Babies can learn the value of perseverance by watching the adults around them, a study suggests.
Infants as young as 15 months old who watched an adult struggle at completing two different tasks before finally achieving success also tried harder at their own tasks, compared to babied who saw an adult finish the task effortlessly, Psych Central reports. This means that babies can learn the importance of putting in effort early in life.
The experiments were carried out in a laboratory, but the findings may offer some guidance for parents who want to teach their kids the value of working hard, according to researchers at the Massachusetts Institute of Technology.
Dr. Laura Schulz, a professor of cognitive science at MIT, said, “There’s some pressure on parents to make everything look easy and not get frustrated in front of their children. There’s nothing you can learn from a laboratory study that directly applies to parenting, but this does at least suggest that it may not be a bad thing to show your children that you are working hard to achieve your goals.”
There are recent studies supporting this. Recent research showed that children’s persistence can predict success beyond what IQ tests can measure. Other studies have shown that what children believe also matters: those who think putting in effort leads to better outcomes performed better in school compared to those who thought success came from a certain level of intelligence.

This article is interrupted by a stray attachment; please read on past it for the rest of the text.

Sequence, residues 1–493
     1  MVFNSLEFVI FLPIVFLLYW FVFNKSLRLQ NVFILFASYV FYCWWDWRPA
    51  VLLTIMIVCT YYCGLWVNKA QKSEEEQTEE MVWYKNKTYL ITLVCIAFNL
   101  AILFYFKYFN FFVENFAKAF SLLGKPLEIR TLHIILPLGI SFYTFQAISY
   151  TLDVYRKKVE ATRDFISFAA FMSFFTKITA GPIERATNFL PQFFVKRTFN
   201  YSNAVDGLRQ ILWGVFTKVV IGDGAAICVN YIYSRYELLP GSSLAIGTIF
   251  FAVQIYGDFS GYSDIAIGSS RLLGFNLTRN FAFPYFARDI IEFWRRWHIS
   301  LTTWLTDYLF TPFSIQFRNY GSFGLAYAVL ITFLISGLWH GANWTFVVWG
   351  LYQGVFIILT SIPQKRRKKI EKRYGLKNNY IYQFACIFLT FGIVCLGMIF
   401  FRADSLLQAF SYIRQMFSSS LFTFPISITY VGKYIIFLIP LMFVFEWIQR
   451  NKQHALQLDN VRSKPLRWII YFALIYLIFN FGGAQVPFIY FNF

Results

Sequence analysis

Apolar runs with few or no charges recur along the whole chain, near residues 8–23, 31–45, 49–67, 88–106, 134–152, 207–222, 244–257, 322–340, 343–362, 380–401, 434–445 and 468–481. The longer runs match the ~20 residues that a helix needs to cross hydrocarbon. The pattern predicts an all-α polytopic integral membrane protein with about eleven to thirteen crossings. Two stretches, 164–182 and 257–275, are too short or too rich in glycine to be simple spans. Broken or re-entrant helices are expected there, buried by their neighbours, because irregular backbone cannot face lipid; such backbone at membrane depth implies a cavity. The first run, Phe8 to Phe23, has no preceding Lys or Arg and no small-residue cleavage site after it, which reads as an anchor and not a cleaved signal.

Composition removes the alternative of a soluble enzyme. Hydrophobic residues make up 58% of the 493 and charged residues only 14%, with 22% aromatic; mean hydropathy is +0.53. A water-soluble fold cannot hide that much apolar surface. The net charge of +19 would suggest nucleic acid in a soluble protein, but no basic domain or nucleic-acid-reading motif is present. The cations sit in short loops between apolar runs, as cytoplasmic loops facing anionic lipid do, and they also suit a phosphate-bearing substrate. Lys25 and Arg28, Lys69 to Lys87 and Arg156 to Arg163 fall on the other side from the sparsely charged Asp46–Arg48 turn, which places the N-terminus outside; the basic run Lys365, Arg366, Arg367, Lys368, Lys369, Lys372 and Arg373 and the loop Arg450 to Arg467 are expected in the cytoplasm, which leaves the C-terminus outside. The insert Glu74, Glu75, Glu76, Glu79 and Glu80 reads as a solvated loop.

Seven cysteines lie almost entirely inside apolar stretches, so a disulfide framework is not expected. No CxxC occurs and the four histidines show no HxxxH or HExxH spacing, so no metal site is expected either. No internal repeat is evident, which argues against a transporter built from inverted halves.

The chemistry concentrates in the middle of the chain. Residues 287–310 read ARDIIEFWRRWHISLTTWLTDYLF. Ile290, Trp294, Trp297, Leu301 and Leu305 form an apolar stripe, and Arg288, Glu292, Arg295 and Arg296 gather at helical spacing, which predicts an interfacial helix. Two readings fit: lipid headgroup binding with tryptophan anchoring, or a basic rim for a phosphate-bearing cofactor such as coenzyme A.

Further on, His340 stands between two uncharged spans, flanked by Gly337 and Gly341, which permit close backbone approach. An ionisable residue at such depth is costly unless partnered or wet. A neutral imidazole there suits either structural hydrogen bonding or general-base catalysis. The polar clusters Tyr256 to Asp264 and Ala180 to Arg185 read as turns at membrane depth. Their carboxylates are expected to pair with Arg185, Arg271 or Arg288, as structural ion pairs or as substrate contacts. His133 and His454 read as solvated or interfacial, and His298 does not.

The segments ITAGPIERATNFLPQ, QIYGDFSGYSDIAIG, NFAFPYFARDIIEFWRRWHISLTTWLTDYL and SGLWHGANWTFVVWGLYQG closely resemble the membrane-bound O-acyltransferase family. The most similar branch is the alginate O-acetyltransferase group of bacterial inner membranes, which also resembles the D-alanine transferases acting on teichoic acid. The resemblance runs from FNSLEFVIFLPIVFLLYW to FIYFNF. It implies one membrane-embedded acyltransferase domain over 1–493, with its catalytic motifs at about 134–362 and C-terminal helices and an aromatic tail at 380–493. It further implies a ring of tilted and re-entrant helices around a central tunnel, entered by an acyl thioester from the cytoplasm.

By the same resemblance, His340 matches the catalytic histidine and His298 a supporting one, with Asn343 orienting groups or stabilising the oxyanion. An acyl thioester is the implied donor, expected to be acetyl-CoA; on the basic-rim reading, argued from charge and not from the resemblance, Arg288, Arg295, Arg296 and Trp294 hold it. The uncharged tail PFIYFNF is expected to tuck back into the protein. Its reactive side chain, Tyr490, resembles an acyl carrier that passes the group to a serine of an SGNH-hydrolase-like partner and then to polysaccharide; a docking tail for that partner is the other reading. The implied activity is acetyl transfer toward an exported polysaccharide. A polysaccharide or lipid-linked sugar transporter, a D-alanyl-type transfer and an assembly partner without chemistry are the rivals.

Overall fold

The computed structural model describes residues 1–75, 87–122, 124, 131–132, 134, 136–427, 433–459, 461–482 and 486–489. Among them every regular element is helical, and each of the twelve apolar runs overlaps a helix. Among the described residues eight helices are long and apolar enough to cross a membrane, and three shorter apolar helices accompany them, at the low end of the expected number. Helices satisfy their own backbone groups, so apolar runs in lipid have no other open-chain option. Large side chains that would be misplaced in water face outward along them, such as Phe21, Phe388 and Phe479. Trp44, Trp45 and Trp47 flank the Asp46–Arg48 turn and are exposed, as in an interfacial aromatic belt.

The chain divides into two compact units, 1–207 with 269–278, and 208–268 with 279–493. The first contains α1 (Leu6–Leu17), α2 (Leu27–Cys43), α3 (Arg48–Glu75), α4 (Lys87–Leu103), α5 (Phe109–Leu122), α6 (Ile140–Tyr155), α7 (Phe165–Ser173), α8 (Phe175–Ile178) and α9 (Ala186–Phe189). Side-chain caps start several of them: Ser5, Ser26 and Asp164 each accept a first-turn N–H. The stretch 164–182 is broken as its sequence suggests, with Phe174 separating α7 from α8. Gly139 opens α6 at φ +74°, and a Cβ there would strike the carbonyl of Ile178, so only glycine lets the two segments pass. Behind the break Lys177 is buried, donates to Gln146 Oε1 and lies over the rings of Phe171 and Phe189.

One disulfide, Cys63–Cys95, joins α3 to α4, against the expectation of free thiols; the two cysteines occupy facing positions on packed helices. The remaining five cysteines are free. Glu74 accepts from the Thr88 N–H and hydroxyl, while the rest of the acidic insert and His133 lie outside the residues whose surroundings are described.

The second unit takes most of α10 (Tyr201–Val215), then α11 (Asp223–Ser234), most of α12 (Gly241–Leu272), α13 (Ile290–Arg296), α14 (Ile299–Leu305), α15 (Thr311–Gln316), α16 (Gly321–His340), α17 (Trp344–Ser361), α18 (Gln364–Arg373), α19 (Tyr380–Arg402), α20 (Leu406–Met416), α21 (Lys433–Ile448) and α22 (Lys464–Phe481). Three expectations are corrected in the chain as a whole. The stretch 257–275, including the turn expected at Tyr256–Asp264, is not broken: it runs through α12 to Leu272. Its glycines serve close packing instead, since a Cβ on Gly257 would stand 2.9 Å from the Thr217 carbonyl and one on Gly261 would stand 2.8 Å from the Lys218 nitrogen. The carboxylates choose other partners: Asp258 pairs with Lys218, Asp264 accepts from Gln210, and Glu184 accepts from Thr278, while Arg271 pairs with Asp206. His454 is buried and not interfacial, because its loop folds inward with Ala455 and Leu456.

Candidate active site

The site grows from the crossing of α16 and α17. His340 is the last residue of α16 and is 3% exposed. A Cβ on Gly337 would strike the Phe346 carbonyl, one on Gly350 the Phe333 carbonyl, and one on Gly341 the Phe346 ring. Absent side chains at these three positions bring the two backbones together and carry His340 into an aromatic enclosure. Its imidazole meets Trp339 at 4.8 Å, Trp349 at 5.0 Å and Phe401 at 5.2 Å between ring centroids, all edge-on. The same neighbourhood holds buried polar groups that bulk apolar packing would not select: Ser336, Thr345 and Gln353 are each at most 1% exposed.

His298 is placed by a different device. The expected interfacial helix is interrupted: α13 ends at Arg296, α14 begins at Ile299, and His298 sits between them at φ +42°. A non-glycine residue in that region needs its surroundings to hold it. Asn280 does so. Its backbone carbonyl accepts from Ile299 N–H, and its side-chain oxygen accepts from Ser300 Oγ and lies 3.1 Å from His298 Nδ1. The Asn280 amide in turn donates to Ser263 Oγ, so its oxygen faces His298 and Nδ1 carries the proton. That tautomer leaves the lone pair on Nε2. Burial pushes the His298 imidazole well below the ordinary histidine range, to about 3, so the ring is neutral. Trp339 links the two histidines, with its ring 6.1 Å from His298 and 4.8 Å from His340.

The researchers designed a situation in which 15-month-old babies watched an adult do two things: remove a toy frog from a container and remove a key chain from a carabiner. Half of the babies saw the adult succeed at the task three times in 30 seconds, while the other half saw the adult struggle for 30 seconds before succeeding.
The researchers then gave the baby a musical toy that had a button. The button looked like it should turn the toy on, but there was a second concealed button on the bottom that did the job. The researcher turned the toy on out of sight to demonstrate that the toy played music, turned it off and gave it to the baby.
The babies who had seen the adult struggle with the tasks pressed the right button nearly two times as many as those who saw the adult succeed easily. The former group also pressed the button twice as many times before asking for help or tossing the toy away.
There wasn’t any difference in how long they played with the toy or in how many times they tossed it to their parent. The real difference was in the number of times they pressed the button before they asked for help and in total.
Direct interactions made a difference, as well. When the researchers talked to the babies and made eye contact, they tried harder at the task. In short, people can learn at an early age how to make decision regarding effort allocation, the researchers said.
The study was published in the journal Science.